1940 September 11

Report: Laws, Violence Keep “Reds” off the Ballot


A report by the Civil Liberties Committee of the National Lawyers Guild charged that Communist, Socialist, Socialist Labor Prohibition, and other small political parties were being kept off ballots in 13 states by laws and vigilante violence. The Lawyers Guild sent the report to Attorney General Robert Jackson on this day, asking that the Justice Department investigate and prosecute where appropriate. In many instances, election officials had refused to accept nominating petitions from radical parties. In other instances, mob violence had prevented people representing minority parties from circulating petitions. The ACLU had issued a similar report with a demand for federal action on July 31, 1940.

The efforts to keep the Communist Party off the ballot in 1940 were part of an upsurge of anti-Communist sentiment that had revived around 1938. (For instance, California removed the Communist Party from the ballot on September 22, 1940.) That revival was due in part to the emergence of the Soviet Union as a world power and growing recognition of Stalin’s repressive tactics, particularly as evidenced by the infamous Moscow Trials, where top Bolshevik leaders confessed their “crimes” and were then executed. The anti-Communist fervor in the U.S. went into abeyance in June 1941, when Hitler invaded the Soviet Union and that country became an important ally for the U.S. in World War II. Anti-Communism reappeared soon after the war in what became known as the Cold War.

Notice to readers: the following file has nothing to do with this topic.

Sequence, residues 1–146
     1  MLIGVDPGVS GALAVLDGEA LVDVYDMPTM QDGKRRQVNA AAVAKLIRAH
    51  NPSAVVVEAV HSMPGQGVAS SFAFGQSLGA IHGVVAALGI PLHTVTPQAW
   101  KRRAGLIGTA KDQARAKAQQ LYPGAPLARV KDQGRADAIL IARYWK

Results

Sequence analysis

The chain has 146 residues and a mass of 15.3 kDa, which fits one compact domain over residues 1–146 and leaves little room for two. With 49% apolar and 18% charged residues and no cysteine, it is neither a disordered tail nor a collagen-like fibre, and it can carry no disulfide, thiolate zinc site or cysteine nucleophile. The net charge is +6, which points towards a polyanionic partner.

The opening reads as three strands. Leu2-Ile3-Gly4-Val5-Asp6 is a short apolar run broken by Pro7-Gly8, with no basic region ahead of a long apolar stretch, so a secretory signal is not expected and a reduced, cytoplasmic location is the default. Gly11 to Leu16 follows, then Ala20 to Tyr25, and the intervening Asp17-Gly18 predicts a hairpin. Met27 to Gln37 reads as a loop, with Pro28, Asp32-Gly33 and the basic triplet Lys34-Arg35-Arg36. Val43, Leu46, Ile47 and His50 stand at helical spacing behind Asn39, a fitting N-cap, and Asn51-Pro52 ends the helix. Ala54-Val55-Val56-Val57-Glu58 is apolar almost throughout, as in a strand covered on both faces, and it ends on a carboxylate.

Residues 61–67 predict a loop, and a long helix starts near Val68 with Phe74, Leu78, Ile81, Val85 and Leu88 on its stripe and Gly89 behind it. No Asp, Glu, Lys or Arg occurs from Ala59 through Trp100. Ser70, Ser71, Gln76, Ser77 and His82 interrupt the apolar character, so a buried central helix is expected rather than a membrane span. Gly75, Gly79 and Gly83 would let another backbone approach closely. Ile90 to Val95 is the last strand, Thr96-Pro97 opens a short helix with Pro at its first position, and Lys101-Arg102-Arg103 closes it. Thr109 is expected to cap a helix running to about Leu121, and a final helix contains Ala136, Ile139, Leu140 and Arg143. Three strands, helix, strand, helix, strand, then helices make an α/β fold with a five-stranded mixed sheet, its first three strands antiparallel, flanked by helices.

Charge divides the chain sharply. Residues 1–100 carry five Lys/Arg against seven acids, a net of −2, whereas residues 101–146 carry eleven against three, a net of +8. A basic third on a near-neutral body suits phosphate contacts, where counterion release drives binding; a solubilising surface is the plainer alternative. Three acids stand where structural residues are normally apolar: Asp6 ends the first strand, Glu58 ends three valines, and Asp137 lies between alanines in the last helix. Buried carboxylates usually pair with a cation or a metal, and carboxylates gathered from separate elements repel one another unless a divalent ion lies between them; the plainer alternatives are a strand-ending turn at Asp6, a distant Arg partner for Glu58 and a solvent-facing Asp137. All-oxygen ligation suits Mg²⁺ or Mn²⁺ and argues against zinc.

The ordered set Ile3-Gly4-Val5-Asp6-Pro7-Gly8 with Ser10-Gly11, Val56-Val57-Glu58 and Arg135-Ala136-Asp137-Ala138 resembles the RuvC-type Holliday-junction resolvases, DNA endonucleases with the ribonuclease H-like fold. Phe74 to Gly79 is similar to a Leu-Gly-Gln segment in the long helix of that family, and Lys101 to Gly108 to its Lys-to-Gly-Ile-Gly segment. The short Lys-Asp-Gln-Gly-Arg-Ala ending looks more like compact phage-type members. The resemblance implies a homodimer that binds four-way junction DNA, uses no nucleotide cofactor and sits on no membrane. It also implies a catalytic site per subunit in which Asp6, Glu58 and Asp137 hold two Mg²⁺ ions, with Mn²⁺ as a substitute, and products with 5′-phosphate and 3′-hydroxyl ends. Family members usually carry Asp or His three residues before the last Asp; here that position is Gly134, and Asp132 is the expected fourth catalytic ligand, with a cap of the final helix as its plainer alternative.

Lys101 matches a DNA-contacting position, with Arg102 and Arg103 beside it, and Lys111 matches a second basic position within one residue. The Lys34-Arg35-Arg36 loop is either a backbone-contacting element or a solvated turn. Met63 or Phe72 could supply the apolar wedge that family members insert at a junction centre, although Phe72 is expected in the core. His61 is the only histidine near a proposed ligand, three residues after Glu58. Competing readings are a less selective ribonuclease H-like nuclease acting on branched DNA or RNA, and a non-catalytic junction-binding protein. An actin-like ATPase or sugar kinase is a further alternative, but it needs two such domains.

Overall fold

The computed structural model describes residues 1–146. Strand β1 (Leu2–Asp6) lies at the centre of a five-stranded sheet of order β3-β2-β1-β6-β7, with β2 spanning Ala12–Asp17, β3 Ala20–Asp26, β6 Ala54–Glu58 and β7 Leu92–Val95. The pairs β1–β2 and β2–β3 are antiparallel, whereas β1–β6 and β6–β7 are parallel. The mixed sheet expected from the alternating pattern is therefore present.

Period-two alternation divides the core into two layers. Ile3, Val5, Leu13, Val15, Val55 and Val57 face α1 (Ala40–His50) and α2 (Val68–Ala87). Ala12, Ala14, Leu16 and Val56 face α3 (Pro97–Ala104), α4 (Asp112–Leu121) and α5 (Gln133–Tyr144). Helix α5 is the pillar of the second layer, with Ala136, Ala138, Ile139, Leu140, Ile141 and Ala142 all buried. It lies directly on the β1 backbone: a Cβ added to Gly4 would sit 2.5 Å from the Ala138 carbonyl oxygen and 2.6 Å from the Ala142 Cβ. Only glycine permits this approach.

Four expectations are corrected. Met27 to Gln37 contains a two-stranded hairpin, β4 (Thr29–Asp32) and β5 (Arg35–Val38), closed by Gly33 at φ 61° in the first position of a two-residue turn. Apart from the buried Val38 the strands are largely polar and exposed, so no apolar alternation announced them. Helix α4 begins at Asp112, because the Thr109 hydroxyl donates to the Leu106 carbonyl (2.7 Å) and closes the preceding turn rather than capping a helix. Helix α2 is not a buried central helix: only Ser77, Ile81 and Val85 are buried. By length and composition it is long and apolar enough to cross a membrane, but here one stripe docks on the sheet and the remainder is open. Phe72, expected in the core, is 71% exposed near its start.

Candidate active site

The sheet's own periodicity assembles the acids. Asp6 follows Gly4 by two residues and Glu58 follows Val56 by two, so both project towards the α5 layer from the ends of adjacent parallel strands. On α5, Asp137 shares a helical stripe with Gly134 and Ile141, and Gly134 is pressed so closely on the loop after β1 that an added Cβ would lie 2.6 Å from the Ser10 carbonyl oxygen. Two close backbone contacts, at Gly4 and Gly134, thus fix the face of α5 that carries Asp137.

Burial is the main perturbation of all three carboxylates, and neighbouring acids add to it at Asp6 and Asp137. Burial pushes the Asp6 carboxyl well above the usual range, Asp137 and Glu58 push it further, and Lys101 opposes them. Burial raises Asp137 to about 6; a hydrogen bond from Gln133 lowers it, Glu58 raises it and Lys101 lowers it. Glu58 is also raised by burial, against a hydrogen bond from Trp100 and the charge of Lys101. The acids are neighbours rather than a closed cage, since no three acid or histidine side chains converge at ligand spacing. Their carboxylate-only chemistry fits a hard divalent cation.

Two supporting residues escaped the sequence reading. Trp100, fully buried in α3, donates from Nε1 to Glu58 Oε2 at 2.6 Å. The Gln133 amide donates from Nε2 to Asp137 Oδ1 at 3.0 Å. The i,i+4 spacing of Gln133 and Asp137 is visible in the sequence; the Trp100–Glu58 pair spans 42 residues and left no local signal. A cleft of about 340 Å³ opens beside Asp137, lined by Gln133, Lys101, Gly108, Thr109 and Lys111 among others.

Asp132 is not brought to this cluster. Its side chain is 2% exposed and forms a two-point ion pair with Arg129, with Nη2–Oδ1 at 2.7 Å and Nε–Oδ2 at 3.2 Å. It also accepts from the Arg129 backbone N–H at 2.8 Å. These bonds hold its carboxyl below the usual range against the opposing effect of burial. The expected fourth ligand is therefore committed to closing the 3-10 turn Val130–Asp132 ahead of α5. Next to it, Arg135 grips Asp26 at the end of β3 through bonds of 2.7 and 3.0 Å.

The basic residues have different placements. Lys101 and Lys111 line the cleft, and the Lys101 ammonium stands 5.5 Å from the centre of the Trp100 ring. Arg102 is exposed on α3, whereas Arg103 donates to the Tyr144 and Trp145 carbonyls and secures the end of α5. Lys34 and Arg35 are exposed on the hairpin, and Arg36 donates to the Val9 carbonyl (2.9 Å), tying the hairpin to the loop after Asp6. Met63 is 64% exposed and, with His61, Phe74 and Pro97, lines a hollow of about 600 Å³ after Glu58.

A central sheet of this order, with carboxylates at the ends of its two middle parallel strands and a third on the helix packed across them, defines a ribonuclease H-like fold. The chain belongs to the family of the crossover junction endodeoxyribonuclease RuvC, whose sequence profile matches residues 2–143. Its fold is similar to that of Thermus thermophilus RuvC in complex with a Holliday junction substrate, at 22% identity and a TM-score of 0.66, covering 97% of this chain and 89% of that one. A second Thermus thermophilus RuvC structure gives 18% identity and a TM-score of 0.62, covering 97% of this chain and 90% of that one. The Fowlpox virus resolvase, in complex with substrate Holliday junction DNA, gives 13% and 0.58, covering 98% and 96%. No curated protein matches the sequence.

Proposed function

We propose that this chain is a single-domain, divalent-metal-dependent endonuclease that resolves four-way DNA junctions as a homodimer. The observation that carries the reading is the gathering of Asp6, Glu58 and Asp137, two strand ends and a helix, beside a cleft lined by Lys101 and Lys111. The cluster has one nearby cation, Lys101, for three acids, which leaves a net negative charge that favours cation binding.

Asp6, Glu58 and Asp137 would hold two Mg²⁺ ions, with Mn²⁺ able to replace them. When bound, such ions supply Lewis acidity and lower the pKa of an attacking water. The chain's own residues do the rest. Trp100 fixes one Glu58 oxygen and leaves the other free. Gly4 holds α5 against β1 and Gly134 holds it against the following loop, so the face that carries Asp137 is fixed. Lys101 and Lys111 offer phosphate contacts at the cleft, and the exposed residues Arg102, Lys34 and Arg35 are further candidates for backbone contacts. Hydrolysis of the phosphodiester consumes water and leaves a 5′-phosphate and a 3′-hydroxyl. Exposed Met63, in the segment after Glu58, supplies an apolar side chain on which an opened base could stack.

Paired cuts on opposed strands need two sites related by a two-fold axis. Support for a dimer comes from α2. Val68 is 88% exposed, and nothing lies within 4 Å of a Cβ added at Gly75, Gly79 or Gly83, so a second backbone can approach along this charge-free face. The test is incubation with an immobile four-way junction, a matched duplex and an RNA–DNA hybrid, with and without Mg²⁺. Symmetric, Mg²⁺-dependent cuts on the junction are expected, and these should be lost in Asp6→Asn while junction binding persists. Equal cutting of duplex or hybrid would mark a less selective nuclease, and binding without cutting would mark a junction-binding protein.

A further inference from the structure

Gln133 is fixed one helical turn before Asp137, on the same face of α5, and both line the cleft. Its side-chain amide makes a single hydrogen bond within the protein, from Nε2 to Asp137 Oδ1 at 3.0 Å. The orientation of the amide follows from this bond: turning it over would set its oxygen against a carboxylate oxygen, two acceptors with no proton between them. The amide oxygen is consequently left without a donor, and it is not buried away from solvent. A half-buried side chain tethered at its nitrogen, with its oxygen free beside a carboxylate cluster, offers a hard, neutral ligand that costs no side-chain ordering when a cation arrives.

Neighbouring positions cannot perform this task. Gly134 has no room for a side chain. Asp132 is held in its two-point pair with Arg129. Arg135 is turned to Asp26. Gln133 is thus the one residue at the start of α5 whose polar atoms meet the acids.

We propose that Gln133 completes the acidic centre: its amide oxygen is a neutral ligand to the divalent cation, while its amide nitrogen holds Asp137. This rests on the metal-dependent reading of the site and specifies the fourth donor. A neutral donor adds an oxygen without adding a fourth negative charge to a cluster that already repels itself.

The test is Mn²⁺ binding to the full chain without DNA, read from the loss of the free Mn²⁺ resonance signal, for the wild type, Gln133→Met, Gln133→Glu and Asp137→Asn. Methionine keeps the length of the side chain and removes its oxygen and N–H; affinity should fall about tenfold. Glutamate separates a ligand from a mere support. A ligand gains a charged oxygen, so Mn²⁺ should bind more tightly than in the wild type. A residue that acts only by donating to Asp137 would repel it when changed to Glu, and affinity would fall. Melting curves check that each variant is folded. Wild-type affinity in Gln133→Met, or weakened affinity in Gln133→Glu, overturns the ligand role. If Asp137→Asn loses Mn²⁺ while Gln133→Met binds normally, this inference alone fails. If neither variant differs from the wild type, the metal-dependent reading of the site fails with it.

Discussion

Learn more about the Lawyers Guild: Ann Fagan Ginger and Eugene Tobin, eds., The National Lawyers Guild: From Roosevelt Through Reagan (1988)

Learn more about the Cold War: Ellen Schrecker, Many Are the Crimes: McCarthyism in America (1998)

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